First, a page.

And the red dragons, who are guardians of the Aspect of Life, have fertile breath — flowers spring up from where they breathe flame, most notably and poignantly at Angrathar. Some seem to have this trope exactly, such as Surristrasz and his drakes at Amber Ledge, who are surrounded by a patch of grass and flowers upon otherwise barren rock.
Also of note is Illidan's inversion in Warcraft 3: When he moves, his footprints leave fire.
Using a Grass Assist in Pokémon Ranger causes grass and flowers to sprout from your Capture Line.
In a similar vein to this trope, Atlantean civilizations worshiping Gaia in Age of Mythology (the "Titans" expansion) will have lush greenery grow outward from their buildings, which will prevent enemy civilizations from building too close by.
According to her official profile, Lily White of Touhou can make flowers bloom with her mere presence, being the embodiment of spring and all. However, the actual Youkai of flowers, Yuka Kazami, is less Friend to All Living Things and more Ax-Crazy.
The Mishaguji (snake gods under Suwako's control) are said to make grain sprout in their wake. Of course, they're curse gods, so they're more famous for taking it in the other direction and making the land barren. Akyuu describes it as blessings and curses being two sides of the same coin.
Gaihla from Battle Realms has these, and you can exploit the game's unique take with Idle Animation and put her near your rice fields to help them grow faster. It's especially helpful in snowy stages.
One of the secret stars in the Supermassive Galaxy in Super Mario Galaxy 2 has Mario doing this. You have to cover the entire planet with flowers to get a star.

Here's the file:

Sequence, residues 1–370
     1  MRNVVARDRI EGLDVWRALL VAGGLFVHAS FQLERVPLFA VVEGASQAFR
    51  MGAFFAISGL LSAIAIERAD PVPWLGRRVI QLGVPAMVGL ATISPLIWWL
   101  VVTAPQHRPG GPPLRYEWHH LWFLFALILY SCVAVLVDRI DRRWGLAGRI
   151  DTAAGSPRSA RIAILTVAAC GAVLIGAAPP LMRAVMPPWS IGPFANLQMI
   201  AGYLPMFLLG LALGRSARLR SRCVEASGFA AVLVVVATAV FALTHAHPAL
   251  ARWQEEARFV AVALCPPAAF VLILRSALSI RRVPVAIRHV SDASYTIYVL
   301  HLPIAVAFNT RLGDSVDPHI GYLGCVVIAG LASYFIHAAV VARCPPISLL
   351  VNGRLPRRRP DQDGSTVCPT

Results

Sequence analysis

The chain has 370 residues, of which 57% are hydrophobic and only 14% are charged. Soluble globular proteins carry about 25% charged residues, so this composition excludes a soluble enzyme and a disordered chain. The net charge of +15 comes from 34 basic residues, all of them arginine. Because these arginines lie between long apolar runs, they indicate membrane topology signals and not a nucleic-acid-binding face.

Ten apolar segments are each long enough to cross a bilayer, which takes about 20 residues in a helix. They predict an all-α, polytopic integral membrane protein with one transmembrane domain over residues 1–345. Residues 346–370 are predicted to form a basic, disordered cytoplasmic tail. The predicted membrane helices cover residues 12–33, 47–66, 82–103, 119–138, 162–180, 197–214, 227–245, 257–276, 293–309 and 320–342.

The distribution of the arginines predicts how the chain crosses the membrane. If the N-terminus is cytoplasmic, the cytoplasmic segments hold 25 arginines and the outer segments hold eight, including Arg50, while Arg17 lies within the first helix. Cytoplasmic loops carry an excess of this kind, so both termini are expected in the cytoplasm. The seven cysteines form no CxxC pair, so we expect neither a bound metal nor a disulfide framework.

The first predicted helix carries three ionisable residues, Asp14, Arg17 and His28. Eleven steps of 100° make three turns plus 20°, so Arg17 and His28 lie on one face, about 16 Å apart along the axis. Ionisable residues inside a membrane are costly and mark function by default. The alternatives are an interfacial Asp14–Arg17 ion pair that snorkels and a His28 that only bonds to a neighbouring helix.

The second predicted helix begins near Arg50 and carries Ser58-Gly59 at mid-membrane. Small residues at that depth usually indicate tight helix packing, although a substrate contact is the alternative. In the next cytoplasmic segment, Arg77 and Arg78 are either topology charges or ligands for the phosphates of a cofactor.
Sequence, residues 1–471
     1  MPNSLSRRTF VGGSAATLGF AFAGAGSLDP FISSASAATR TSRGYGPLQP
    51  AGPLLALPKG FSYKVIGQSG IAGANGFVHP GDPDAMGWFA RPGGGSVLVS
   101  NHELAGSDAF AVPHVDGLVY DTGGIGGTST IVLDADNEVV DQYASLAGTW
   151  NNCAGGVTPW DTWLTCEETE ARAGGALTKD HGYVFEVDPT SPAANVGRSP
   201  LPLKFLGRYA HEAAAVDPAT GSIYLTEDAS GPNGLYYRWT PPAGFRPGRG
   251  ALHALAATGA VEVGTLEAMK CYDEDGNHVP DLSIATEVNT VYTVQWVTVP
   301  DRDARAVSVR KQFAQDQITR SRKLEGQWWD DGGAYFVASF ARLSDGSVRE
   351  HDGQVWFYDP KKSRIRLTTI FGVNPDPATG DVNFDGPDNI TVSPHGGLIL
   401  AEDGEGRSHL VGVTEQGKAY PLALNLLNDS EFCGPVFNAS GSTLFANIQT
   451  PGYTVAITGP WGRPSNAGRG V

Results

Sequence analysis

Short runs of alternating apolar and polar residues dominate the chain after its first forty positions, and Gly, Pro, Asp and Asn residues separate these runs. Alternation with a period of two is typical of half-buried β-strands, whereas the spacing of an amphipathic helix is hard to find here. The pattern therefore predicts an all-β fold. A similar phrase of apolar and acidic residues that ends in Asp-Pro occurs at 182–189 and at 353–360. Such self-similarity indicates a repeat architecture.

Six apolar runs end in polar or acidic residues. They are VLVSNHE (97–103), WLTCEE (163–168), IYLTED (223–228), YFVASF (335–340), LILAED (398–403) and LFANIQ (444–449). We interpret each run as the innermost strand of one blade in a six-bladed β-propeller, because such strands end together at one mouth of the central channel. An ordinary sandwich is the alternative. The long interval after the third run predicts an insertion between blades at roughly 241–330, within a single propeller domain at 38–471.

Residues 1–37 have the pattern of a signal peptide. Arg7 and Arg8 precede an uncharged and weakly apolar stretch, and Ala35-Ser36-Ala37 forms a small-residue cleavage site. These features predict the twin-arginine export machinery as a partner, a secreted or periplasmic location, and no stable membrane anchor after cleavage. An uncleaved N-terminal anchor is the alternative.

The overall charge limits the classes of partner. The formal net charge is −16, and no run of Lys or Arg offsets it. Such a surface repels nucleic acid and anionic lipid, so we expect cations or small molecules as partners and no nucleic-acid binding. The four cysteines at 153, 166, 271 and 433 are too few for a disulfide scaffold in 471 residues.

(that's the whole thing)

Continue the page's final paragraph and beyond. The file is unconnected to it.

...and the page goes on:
In a sense, Elizabeth Greene of Prototype is this way - she even has the added bonus of being a beautiful young woman with unearthly powers and bare feet, nicknamed MOTHER. It just happens that she doesn't spread nice benevolent things like flowers or plants. Instead, wherever she goes, the infection follows her in a trail of mutagenic, fleshy, diseased tendrils and pustules - even on steel, concrete or glass.
Alex Mercer himself gets in on the act: his health regeneration powers are so potent that his stepping into the residue of the Supreme Hunter he just killed allows it to come back to life.
Another evil example in Thief. Viktoria leaves mosses at her touch until she shows her true form as a dryad, when creeping vines sprout from around her feet and grow in her wake.
Among the last special effects created for City of Heroes characters was this, released at the same time as the Nature Affinity powerset (a flower and tree-themed heal/buff set which required some of the same coding and art).
Mega Man Battle Network has an odd example in its Karma Meter games (4 and 5): if MegaMan is fully in Light mode, he can erase DarkHoles just by stepping on them. Conversely, if he uses certain DarkChipsnote DarkSpread (BN4) or DarkDrill (BN5), he'll start creating poison panels where he walks. (The latter is also one of the possible punishments for stuffing his NaviCust without following the rules.)
The Hob from Dresden Codak. Although apparently it's cybernetically-enhanced flowers.
MSF High has any Legion, which is actually their main ability. They are natural terraformers.
After he becomes the Avatar of Life Magic, Lwan Eddington of Tech Infantry tends to have plants and animals spontaneously spring up around him wherever he goes. He even manages to create an entire fertile region on an asteroid-blasted Earth.
Gaia in Captain Planet left trails of flowers in her footsteps whenever she appeared in the human world.
Aphrodite from the cartoon series of Hercules leaves small flowers wherever she walks. Mind you, they quickly disappear again.
Van Kleiss in Generator Rex can do this, and he's the Big Bad! However, it only works in the area around his castle, which is infused with nanites that he controls. He may arguably have been invoking the trope at the time to get Rex to let his guard down.
The second season opening of Jimmy Two-Shoes depicts Jimmy as being able to turn anything he touches into a happy, beautiful thing. He never has this power in the show, though.
This happens every Friday the 13th for Misery in Ruby Gloom.